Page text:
Solnatide Demonstrates Profound Therapeutic Activity in a Rat Model of Pulmonary Edema Induced by Acute Hypobaric Hypoxia and Exercise

Qiquan Zhou, Dong Wang, Yunsheng Liu, Xiaohong Yang, Rudolf Lucas, Bernhard Fischer

Research output: Contribution to journalArticlepeer-review

29 Scopus citations


Background The synthetic peptide solnatide is a novel pharmacologic agent that reduces extravascular lung water, blunts reactive oxygen species production, and improves lung function due to its ability to directly activate the epithelial sodium channel. The goal of this study was to investigate the effect of solnatide in pulmonary edema induced by acute hypobaric hypoxia and exercise in rats, which is considered a model for high-altitude pulmonary edema. Methods Sprague-Dawley rats were assigned to low-altitude control and eight treatment groups. Animals of all groups were subjected to exhaustive exercise in a hypobaric hypoxic environment simulating an altitude of 4,500 meters, followed by simulated ascent to 6,000 meters. After 48 h at 6,000 meters, rats were given sodium chloride, dexamethasone, aminophylline, p38 mitogen activated protein kinase inhibitor, and NOD-like receptor containing a pyrin domain 3 inhibitor, or one of three different doses of solnatide, once daily for 3 consecutive days. After 3 days, arterial blood gas, BAL fluid, lung water content, and histologic and ultra-microstructure analyses were performed. Tight junction protein occludin was assayed by using immunohistochemistry. Results Rats treated with solnatide had significantly lower BAL fluid protein and lung water content than high-altitude control rats. Lungs of solnatide-treated rats were intact and showed less hemorrhage and disruption of the alveolar-capillary barrier than those of high-altitude control animals. Occludin expression was significantly higher in solnatide-treated animals, compared with high-altitude control, dexamethasone-, and aminophylline-treated animals. Conclusions Solnatide reduced pulmonary edema, increased occludin expression, and improved gas-blood barrier function during acute hypobaric hypoxia and exercise in rats. These results provide a rationale for the clinical application of solnatide to patients with pulmonary edema and exposure to a high-altitude hypoxic environment.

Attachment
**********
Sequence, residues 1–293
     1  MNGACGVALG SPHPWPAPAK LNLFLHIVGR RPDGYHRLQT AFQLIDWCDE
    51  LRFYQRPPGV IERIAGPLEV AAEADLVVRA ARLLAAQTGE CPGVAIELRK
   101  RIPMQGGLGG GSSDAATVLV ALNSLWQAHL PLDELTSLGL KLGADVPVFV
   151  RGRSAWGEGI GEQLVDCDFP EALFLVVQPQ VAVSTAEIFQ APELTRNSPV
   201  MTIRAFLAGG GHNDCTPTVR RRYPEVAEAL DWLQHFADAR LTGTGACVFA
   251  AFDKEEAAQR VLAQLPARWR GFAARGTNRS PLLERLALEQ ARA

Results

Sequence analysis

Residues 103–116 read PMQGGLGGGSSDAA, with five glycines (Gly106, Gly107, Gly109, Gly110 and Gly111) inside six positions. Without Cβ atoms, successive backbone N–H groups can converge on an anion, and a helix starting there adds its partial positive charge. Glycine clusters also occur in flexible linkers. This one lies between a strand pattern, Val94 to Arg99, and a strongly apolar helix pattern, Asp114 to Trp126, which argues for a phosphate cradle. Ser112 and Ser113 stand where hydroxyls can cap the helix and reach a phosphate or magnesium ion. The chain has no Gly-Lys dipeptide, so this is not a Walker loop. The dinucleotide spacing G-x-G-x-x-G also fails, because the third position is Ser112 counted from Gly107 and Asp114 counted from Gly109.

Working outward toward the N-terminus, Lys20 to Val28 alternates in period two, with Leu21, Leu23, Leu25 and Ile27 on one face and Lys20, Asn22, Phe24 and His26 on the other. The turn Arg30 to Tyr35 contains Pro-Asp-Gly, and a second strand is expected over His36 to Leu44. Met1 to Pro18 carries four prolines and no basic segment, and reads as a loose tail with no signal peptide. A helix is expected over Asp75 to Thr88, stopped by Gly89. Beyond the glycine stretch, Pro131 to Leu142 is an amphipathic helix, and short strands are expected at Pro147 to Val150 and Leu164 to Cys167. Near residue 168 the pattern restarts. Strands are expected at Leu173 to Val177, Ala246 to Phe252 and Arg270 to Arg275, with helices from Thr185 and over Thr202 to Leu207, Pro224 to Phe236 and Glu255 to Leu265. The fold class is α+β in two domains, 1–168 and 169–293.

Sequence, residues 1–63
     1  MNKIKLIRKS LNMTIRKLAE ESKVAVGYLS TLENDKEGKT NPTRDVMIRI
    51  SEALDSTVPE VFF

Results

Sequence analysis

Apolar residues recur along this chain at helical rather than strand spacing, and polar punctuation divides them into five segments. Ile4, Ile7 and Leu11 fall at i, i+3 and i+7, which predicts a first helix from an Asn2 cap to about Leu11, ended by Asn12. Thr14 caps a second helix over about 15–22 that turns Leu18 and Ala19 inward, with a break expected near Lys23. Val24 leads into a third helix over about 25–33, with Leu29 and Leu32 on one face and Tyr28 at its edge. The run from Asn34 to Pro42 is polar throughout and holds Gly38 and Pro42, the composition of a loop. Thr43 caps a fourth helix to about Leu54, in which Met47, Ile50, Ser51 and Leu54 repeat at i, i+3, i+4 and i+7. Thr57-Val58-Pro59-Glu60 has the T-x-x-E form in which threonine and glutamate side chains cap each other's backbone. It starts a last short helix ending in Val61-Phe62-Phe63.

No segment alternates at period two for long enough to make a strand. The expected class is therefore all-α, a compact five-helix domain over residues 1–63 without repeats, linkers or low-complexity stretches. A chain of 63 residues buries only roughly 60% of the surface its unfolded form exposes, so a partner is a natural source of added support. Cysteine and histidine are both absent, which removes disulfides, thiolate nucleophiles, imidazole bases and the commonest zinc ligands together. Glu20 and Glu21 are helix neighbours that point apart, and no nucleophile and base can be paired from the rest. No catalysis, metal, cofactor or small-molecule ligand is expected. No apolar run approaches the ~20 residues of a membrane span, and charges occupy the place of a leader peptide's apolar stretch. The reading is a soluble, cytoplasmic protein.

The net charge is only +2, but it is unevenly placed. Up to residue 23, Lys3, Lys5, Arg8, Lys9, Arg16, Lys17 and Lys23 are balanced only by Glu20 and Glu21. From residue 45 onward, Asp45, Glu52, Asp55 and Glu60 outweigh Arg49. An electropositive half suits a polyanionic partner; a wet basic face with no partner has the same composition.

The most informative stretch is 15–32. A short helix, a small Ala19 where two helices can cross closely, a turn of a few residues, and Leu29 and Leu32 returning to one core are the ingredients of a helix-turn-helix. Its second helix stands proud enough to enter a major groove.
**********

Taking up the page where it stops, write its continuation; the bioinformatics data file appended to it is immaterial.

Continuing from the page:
Original languageEnglish (US)
Pages (from-to)658-667
Number of pages10
Issue number3
StatePublished - Mar 1 2017


  • HAPE rat model
  • cytokines
  • dexamethasone
  • high-altitude pulmonary edema
  • inflammation

ASJC Scopus subject areas

  • Pulmonary and Respiratory Medicine
  • Critical Care and Intensive Care Medicine
  • Cardiology and Cardiovascular Medicine


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